Review: Furiosa: A Mad Max Saga

Furiosa holds the tenuous position of following up Mad Max: Fury Road, the defining moment of the 2020s. It would be hard to hold failure against it, but at the same time, for Furious to be anything less than sheer brilliance would be devastating.

So why the fuck is Furiosa a better movie than Fury Road?

Perhaps part of it is how Fury Road makes itself half of Fury Road‘s story. After seeing Furiosa, you’ll see Fury Road as the second part of a greater story about Furiosa. This franchise is no longer about the titular Max – it’s the story of Joseph from Genesis, a tale of a woman stripped of the Eden in which she was born, gouging the landscape in search of something new. There’s no Manifest Destiny because there’s no destination; these last two movies are the story of a woman’s cries of revolt in an endless desert.

And Furiosa explores this angle more than its predecessor, which was ultimately a triumphalist thrill ride. That’s by no means a flaw of Fury Road — it’s why everybody rightly fell in love with it. But Furiosa challenges the myth of the badass – as my girlfriend Janet pointed out, it asks “oh, you want the myth of a heroic girlboss? Well, here’s that with all the fucked up monstrosity that entails.” Moreso than Fury Road, Fury Road explores the contours of the patriarchal societies of the Wasteland. It has much more to say about the experience of the oppressed than Fury Road did. Hell, it’s more Biblical and difficult than Fury Road got in its best moments.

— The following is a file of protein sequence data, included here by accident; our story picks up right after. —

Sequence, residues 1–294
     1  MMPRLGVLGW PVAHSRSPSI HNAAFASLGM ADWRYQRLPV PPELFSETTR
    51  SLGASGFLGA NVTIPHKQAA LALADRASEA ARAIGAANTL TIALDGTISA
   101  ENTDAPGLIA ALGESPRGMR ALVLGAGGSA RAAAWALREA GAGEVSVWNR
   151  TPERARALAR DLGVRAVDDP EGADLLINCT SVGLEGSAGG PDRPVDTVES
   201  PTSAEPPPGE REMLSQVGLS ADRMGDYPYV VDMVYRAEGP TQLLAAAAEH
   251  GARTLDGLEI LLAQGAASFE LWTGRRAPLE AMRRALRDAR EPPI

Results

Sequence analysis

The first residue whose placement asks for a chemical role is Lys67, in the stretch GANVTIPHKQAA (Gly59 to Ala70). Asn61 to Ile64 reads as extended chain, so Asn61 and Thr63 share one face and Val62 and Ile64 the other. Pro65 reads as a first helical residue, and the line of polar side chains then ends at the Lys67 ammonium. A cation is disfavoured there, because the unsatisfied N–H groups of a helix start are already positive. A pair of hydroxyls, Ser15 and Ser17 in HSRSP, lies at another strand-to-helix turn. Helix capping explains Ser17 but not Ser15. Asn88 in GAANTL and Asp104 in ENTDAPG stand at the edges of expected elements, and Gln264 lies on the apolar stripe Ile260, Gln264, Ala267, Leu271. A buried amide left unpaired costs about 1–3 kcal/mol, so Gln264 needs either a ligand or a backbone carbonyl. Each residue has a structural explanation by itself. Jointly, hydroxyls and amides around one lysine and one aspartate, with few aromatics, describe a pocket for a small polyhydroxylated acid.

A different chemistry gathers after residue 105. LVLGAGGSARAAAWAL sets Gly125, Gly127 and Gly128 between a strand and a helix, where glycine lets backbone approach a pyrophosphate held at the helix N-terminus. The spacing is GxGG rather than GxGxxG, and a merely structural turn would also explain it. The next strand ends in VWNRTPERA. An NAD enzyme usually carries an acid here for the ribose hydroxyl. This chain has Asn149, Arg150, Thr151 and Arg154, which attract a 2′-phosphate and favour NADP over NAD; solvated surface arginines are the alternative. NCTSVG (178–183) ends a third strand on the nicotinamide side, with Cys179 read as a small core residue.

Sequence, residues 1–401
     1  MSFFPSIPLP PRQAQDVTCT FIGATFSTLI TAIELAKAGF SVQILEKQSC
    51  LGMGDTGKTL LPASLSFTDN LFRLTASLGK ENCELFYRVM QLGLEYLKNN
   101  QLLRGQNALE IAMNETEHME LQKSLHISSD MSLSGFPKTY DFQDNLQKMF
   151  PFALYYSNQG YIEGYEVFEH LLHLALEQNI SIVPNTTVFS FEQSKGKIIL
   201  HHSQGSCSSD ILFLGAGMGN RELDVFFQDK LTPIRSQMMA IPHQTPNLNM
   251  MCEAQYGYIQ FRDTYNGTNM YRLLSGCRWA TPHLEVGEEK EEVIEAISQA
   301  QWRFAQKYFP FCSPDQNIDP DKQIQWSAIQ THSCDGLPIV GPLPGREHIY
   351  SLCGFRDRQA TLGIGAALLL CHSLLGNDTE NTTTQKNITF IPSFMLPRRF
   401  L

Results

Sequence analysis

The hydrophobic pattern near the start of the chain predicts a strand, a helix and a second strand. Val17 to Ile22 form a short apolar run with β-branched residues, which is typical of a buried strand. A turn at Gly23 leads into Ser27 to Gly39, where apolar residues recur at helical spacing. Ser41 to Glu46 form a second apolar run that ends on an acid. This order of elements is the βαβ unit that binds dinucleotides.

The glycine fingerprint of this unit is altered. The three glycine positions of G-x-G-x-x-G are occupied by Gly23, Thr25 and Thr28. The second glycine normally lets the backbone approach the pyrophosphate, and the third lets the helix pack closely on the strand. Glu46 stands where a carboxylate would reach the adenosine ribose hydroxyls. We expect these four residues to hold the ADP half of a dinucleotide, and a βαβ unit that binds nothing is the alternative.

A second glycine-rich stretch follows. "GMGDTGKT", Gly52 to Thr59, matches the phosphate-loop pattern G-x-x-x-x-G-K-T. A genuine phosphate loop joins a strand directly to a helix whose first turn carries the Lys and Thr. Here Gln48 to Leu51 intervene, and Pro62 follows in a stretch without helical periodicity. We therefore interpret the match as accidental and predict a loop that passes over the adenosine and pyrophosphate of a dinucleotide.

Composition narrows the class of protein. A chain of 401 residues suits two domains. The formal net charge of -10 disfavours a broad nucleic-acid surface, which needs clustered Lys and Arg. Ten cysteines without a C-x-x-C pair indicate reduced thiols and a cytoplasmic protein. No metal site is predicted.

I don’t want to say much more because you really should just go watch this movie. Furiosa allows its protagonist to be an operator of the great mechanism of history, the “fifth rider of the apocalypse.” It’s beautifully structured, explicitly invoking Eden at the beginning and the end, and transcends its predecessors. This is as good as blockbusters get.…

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